How To Donate Hair: Charity Hair Donations

Learn What's Needed to Make a Hair Donation

Girl cutting hair

Many children and adults lose their hair due to radiation or chemotherapy treatment for cancer or from the auto-immune disease known as alopecia areata (which has no known cause or cure). Because it is such a fundamental aspect of one's appearance, losing it, particularly in childhood, can be psychologically devastating. With this fact in mind, many people choose to donate their locks, which can be made into prosthetics for those who suffer from such a loss. Donating hair for cancer patients is a great idea, however there are certain requirements that need to be met in order for the donations to be accepted. Here are some tips on how to donate your hair.

  1. How donated hair is used. The type of hairpiece that gets made from donated hair will depend upon the condition of the person who will receive it as well as whether the loss is temporary or permanent. Those who have experienced the loss due to chemotherapy or radiation are more likely to receive a wig for temporary use during treatment and as their hair grows out. For those who suffer from a more long-term condition, such as alopecia areata, hair prostheses that remain on the head via a vacuum seal are custom-made from a plaster mold of the head. Approximately 6-8 ponytails are needed to create a wig or hair prosthetic for one person.
  2. Requirements for hair donation. Guidelines among the organizations that accept hair vary as to the required length and condition of donations. In general, the longer the hair the better (preferably 10-12 inches in length), and the less processing the better. Be sure to check with the organization that you intend to donate to before cutting your hair to ensure that it can use your length and condition. But don't rule out donating hair for cancer patients if you do have colored or permed just need to find an organization that can use your type. For example, LocksOfLove accepts charity hair donations that are permed or colored. For some organizations, even hair cut years ago (back when your hair was still virgin!) and stored in a ponytail or braid is still usable.
  3. Participating hairstylists. Many hairstylists will gladly cut your hair according to donation guidelines and sometimes will even send it in for you. Be sure to check with your stylist ahead of time so that he or she will be prepared to cut according to the organization's requirements.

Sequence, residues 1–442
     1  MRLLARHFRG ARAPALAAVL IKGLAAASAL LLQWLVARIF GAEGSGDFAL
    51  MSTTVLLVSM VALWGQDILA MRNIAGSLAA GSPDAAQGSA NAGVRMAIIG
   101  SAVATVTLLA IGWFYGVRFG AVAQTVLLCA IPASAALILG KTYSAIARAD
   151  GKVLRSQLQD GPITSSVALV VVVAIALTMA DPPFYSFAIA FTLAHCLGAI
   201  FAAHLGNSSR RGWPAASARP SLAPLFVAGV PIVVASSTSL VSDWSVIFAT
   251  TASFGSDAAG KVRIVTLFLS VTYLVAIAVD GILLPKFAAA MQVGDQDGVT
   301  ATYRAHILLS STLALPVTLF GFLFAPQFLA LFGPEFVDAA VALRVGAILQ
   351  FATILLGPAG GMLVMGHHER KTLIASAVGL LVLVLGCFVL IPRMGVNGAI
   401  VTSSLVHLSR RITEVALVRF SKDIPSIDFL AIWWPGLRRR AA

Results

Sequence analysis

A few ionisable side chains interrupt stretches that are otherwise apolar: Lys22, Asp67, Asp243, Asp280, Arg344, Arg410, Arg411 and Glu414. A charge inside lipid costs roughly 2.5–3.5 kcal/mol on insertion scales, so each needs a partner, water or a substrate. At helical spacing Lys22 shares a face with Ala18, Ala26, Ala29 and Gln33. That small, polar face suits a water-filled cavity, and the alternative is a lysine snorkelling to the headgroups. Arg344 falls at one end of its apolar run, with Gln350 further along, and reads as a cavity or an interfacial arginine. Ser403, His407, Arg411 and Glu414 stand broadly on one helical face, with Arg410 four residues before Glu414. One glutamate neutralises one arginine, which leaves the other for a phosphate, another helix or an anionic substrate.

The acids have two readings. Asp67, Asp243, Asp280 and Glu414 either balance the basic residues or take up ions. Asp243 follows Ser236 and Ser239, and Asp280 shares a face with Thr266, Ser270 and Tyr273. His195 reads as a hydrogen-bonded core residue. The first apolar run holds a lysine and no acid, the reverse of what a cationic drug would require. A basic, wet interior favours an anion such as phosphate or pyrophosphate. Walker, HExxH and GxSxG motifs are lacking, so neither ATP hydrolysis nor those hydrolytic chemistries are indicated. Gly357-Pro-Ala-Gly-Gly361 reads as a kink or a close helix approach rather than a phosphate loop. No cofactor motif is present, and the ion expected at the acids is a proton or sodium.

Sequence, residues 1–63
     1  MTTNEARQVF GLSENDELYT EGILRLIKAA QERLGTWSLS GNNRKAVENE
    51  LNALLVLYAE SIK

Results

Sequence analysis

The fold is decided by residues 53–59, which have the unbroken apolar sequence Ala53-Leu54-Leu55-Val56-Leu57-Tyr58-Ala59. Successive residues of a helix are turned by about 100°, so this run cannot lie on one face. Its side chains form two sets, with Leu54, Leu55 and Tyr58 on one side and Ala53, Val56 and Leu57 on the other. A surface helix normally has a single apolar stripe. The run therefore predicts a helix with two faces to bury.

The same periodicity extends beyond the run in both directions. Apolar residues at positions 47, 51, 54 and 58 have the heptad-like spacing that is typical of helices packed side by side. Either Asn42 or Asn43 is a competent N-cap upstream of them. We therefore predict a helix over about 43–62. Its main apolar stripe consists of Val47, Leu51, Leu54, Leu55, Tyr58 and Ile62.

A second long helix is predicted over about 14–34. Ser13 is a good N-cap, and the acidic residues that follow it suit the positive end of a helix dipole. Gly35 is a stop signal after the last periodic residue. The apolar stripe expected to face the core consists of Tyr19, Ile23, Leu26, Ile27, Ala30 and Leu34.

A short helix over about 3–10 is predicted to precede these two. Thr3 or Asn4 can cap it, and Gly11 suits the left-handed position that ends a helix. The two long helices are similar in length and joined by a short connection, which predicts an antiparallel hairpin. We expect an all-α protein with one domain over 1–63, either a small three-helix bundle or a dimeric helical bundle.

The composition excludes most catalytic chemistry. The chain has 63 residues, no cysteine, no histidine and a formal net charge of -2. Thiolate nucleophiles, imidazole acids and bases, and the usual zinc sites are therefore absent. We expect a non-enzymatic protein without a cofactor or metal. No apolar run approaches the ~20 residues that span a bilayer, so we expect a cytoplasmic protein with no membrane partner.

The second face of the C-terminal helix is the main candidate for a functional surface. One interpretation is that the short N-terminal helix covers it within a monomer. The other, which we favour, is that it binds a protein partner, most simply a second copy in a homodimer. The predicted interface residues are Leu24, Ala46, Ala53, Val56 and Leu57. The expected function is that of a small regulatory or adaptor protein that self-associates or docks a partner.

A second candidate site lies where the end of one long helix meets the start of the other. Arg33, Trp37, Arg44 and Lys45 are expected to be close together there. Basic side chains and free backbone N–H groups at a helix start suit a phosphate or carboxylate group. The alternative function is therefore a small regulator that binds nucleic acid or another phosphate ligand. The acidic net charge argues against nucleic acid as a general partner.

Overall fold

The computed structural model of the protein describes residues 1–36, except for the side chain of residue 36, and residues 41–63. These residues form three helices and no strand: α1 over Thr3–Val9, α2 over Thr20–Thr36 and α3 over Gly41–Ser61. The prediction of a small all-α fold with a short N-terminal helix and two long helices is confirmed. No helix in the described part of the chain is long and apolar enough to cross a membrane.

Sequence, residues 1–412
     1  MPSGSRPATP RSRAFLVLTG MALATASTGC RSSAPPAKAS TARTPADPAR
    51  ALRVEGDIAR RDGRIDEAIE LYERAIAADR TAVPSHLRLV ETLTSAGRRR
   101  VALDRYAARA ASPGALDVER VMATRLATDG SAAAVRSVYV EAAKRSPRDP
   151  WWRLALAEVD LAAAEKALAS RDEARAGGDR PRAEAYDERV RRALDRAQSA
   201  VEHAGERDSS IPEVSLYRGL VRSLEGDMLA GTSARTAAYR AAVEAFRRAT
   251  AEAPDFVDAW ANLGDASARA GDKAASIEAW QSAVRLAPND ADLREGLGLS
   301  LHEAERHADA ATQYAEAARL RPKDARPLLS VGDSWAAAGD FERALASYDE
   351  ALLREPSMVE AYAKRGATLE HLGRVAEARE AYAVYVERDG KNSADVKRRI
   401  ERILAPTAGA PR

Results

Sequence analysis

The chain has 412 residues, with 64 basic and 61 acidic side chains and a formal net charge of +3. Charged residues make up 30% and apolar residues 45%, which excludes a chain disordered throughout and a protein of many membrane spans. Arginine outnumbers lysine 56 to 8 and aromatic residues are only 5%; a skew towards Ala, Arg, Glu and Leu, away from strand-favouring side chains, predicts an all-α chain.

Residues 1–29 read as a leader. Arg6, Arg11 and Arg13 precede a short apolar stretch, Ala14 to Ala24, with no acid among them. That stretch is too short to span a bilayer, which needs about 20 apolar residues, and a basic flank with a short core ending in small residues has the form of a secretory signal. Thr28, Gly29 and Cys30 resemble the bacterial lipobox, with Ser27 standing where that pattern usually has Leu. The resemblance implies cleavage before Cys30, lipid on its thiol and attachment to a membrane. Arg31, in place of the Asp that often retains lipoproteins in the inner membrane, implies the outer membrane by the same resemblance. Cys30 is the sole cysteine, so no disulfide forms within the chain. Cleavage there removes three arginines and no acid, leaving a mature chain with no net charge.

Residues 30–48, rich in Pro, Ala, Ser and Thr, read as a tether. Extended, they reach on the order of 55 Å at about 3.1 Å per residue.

4. If you choose to cut your hair yourself, follow these guidelines:
    • Hair should be freshly washed and completely dry. Do not use any styling products before cutting. You can use a wash-out conditioner if you so choose.
    • Gather your hair into a ponytail. Secure with an elastic band. Ensure that the band is tight to keep the hair together after cutting it. You can put a second band around the middle of the ponytail to help keep the hair together.
    • Measure your hair from just above the elastic ponytail to the ends to determine if your hair meets the donation agency's requirements. If you have wavy or curly hair, you may straighten it first before measuring.
    • If your hair is layered, separate each layer into its own ponytail. It is okay to submit multiple ponytails of different lengths.
    • Follow the mailing instructions of the organization you have chosen. Be sure to include a piece of paper with your name, address, and phone number so that you can be contacted should there be any questions about the condition of your hair.

Now you know how to donate hair. Kudos to you for choosing to donate your hair to a worthy cause. In a year or two or three, your hair will return to its former length and meanwhile, you will have given the gift of a lifetime. If you're still on the fence about whether or not to donate, check out these comments from people who have at 43Things.


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